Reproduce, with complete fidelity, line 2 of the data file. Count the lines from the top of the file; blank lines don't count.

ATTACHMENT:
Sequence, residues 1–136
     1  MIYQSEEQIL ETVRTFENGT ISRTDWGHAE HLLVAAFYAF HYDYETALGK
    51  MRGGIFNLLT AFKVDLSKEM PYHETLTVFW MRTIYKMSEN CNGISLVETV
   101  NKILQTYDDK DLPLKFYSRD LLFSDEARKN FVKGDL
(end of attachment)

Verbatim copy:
     1  MIYQSEEQIL ETVRTFENGT ISRTDWGHAE HLLVAAFYAF HYDYETALGK